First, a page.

Before I’d ever heard of a postpartum doula, I had a baby. Now, the general consensus is that it’s hard work and that having someone to help you is a great thing. That’s where my thrill at an insurance benefit came in. My insurance actually covered eight hours of someone coming to help me. It sounded delightful!
So I have the baby. I get home. I flounder. I call and set up this visit from the insurance company. I learned that the service was broken into two four hour shifts and we would schedule them one at a time. It sounded like a good idea. I honestly had no idea what to expect.
We lived in a small two bedroom apartment. We had just had our first baby so there wasn’t a lot of toddler crap on the floor, but it was still messy. The dishes were in the sink. I was also avoiding the stove because I had tried to sterilize the pacifier in boiling water and forgotten it. My husband hung the results up for everyone to see on our door. (Maybe it was a warning?)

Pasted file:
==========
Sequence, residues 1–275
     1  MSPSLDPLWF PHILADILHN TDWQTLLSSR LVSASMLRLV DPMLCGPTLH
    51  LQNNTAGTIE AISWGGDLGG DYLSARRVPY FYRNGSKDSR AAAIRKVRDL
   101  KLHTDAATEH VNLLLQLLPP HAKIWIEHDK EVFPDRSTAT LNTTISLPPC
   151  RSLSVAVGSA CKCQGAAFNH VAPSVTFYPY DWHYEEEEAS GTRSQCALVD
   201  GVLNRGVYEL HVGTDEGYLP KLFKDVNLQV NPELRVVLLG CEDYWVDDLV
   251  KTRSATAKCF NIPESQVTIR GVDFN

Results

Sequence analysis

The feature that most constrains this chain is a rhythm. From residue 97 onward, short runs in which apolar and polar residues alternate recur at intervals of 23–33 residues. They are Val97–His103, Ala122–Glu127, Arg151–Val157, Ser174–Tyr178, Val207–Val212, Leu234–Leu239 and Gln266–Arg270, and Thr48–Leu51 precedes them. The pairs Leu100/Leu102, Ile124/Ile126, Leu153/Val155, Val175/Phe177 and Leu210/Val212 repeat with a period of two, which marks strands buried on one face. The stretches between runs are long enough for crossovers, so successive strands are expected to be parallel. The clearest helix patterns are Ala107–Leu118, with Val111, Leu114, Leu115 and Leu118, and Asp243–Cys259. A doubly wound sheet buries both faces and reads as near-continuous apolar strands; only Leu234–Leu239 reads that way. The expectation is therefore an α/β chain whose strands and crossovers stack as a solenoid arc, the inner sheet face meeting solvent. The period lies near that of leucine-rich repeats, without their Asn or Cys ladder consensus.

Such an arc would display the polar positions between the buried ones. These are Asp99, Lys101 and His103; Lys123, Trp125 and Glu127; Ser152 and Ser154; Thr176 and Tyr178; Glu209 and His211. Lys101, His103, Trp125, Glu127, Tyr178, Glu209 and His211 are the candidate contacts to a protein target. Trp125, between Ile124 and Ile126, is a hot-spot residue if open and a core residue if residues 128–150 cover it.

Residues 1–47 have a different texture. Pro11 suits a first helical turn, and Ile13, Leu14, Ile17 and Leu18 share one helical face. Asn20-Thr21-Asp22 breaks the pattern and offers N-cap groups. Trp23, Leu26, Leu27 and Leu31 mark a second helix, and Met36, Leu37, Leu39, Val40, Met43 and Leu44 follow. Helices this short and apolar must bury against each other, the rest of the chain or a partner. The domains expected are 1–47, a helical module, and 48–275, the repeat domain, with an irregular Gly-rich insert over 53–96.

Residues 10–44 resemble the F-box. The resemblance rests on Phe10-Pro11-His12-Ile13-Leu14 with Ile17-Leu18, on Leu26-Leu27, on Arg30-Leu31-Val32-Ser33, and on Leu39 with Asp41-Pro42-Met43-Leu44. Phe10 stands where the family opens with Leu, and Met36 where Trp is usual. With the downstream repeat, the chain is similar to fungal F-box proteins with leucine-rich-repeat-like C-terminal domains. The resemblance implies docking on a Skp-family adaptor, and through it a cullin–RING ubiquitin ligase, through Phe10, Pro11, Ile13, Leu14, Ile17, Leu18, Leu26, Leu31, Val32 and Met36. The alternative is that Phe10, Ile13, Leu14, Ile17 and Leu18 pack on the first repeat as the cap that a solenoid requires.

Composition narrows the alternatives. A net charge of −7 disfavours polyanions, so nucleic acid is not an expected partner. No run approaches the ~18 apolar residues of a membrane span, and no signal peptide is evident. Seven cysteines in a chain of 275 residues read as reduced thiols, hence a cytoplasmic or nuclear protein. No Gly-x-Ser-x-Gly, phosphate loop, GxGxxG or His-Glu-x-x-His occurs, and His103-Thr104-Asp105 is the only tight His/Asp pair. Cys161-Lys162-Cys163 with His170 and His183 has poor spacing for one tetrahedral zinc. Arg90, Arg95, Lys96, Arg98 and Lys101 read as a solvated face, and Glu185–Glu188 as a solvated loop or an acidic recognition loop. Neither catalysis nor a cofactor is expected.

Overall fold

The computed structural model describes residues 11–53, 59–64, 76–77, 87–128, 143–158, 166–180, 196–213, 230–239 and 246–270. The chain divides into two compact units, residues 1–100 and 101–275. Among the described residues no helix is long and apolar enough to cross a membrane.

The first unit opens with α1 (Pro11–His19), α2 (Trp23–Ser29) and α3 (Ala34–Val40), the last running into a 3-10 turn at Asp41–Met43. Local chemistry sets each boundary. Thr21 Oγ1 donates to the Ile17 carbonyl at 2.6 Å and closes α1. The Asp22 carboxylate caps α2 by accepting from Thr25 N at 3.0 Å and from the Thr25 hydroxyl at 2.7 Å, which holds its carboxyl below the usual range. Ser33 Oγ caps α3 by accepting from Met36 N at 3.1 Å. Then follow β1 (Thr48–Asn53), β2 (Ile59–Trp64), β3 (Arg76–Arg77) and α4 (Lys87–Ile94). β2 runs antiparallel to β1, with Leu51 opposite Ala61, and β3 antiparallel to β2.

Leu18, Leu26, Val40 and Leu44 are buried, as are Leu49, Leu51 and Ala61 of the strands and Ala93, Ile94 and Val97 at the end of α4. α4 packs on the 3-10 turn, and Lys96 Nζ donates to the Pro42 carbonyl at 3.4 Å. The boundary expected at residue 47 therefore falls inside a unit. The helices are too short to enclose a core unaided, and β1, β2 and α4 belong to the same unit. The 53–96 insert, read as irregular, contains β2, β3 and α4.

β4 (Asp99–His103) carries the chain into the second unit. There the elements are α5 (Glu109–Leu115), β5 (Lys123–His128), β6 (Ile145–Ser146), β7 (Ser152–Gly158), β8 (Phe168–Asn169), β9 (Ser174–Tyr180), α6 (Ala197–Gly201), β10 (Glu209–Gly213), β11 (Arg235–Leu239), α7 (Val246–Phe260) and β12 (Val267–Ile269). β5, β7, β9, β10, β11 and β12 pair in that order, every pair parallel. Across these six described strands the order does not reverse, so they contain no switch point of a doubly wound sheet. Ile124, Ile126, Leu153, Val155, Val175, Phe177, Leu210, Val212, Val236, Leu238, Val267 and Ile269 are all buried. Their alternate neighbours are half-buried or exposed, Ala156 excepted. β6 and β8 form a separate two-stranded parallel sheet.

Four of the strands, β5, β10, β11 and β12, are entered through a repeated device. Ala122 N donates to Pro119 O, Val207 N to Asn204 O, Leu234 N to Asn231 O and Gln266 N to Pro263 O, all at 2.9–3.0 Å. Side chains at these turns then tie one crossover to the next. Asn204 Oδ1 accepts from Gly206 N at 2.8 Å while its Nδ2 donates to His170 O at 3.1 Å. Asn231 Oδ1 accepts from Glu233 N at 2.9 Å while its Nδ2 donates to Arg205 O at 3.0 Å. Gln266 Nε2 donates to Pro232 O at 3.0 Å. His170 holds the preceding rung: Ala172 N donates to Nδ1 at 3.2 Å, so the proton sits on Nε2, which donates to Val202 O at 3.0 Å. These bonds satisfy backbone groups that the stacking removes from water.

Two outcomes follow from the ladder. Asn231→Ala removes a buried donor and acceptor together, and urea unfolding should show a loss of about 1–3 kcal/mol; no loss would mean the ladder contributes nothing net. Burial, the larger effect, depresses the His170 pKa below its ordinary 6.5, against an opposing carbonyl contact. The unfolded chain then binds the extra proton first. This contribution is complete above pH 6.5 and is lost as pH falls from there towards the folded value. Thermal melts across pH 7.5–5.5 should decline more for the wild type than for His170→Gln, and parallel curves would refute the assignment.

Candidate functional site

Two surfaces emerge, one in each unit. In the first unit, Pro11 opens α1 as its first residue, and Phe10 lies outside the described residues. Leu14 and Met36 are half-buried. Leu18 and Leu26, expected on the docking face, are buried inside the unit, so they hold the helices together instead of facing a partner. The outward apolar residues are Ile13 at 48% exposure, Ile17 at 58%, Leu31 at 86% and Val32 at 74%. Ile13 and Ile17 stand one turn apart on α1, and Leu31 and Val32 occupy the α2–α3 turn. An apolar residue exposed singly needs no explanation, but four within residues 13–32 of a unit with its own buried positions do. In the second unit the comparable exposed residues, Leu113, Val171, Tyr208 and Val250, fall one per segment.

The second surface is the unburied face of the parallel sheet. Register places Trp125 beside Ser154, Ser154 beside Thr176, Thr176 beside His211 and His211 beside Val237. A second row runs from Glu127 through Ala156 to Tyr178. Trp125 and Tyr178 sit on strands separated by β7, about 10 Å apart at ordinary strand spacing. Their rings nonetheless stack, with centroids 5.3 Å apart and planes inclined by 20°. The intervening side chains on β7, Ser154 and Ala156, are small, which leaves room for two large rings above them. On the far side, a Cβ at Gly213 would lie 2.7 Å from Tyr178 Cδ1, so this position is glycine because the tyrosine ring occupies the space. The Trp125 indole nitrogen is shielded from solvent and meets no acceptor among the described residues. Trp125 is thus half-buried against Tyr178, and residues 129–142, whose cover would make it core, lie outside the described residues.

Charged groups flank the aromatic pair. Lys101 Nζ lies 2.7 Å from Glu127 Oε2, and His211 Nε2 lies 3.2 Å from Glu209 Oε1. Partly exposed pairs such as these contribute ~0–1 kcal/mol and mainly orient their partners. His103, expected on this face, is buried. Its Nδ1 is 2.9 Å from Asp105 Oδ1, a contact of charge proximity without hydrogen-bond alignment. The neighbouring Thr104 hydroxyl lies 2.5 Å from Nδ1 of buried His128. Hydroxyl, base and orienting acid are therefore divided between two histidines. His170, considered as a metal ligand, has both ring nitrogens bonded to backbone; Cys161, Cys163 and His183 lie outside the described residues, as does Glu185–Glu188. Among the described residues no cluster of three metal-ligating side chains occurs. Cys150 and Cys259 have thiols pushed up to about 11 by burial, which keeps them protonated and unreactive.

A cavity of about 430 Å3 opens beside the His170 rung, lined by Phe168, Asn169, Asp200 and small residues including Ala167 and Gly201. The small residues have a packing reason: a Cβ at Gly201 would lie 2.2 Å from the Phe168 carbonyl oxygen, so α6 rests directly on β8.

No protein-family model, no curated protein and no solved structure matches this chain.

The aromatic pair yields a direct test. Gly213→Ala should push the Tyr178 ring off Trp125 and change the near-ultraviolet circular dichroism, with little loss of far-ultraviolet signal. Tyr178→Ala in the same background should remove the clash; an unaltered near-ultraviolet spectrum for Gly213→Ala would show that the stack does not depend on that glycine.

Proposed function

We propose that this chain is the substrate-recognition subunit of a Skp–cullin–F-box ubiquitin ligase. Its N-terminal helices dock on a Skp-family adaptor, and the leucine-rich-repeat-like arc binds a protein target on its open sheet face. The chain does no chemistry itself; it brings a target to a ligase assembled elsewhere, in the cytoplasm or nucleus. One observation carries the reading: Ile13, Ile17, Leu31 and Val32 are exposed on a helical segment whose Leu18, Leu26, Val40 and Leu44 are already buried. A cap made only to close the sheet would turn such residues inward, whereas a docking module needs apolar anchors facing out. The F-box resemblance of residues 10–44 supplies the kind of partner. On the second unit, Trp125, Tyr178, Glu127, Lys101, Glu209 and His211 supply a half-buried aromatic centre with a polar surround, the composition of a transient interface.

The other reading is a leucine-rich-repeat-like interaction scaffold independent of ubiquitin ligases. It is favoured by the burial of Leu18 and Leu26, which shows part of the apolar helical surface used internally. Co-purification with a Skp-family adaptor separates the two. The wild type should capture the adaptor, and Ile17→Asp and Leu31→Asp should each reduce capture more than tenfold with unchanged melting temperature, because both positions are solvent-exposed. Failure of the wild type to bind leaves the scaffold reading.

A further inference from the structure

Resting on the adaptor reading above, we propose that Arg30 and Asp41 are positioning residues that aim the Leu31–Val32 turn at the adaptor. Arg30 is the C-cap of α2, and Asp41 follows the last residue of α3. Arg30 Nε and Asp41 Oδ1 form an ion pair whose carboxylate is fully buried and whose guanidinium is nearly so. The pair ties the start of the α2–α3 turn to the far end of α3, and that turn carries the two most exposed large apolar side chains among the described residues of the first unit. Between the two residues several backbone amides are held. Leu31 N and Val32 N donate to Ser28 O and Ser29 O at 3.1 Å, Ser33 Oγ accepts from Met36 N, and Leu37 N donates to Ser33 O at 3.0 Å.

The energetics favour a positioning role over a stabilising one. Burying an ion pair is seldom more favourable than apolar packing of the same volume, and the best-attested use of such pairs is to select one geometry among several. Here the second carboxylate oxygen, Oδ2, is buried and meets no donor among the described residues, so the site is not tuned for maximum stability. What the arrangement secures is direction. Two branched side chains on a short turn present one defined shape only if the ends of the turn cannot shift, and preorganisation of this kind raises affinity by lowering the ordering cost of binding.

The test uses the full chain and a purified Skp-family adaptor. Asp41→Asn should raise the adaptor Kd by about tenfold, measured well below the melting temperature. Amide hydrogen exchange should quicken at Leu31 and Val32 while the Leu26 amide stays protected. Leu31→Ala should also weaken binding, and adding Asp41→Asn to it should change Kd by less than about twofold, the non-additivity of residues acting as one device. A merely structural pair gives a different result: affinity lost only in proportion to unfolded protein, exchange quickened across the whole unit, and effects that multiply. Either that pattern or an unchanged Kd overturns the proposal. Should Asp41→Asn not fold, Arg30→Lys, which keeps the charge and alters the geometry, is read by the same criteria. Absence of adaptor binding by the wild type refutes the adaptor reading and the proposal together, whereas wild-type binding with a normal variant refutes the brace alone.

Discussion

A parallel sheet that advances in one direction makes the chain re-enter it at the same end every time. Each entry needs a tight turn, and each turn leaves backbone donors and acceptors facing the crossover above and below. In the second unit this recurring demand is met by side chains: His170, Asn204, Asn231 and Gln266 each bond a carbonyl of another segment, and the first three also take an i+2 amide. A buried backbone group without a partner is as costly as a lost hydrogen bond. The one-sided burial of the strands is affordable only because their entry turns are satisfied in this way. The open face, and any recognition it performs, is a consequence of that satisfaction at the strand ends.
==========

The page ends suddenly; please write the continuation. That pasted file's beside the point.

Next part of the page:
The day arrives and I’m thinking about a nap. Or a shower. Or both. There is a small knock on the door and I open to find the tiniest, frailest adult I have ever seen. I wanted to gently pick her up and put her down on something soft. She told me that she loved coming to help new moms. She was 75 and her grandkids lived far away.
There was no way that I could leave my baby with this frail person. My flailing baby might break her. Or fall. Or goodness knew what. I also couldn’t ask her to wash dishes or cook and she didn’t offer to do anything. I had no clue what we should be doing, it was my first baby. So for four hours we talked, when I would have rather slept. I had her iron my table cloth because I couldn’t think of anything else and she didn’t suggest it. Let’s just say I didn’t use my other four hours of the service.
Flash forward several years and a certified postpartum doula later and I had a very different experience. I’d sit down to breastfeed and a snack would appear with some water. We barely spoke unless I asked a question or she was offering to help, and by that I mean read my mind. Before she left that first day, I had a load of clean laundry folded, lunch, a snack, dinner ready, and a shower. I didn’t even have to change diapers for a few hours. Needless to say, the training and professionalism made all the difference in the world. So here’s to all the postpartum doulas in the world! Thank you!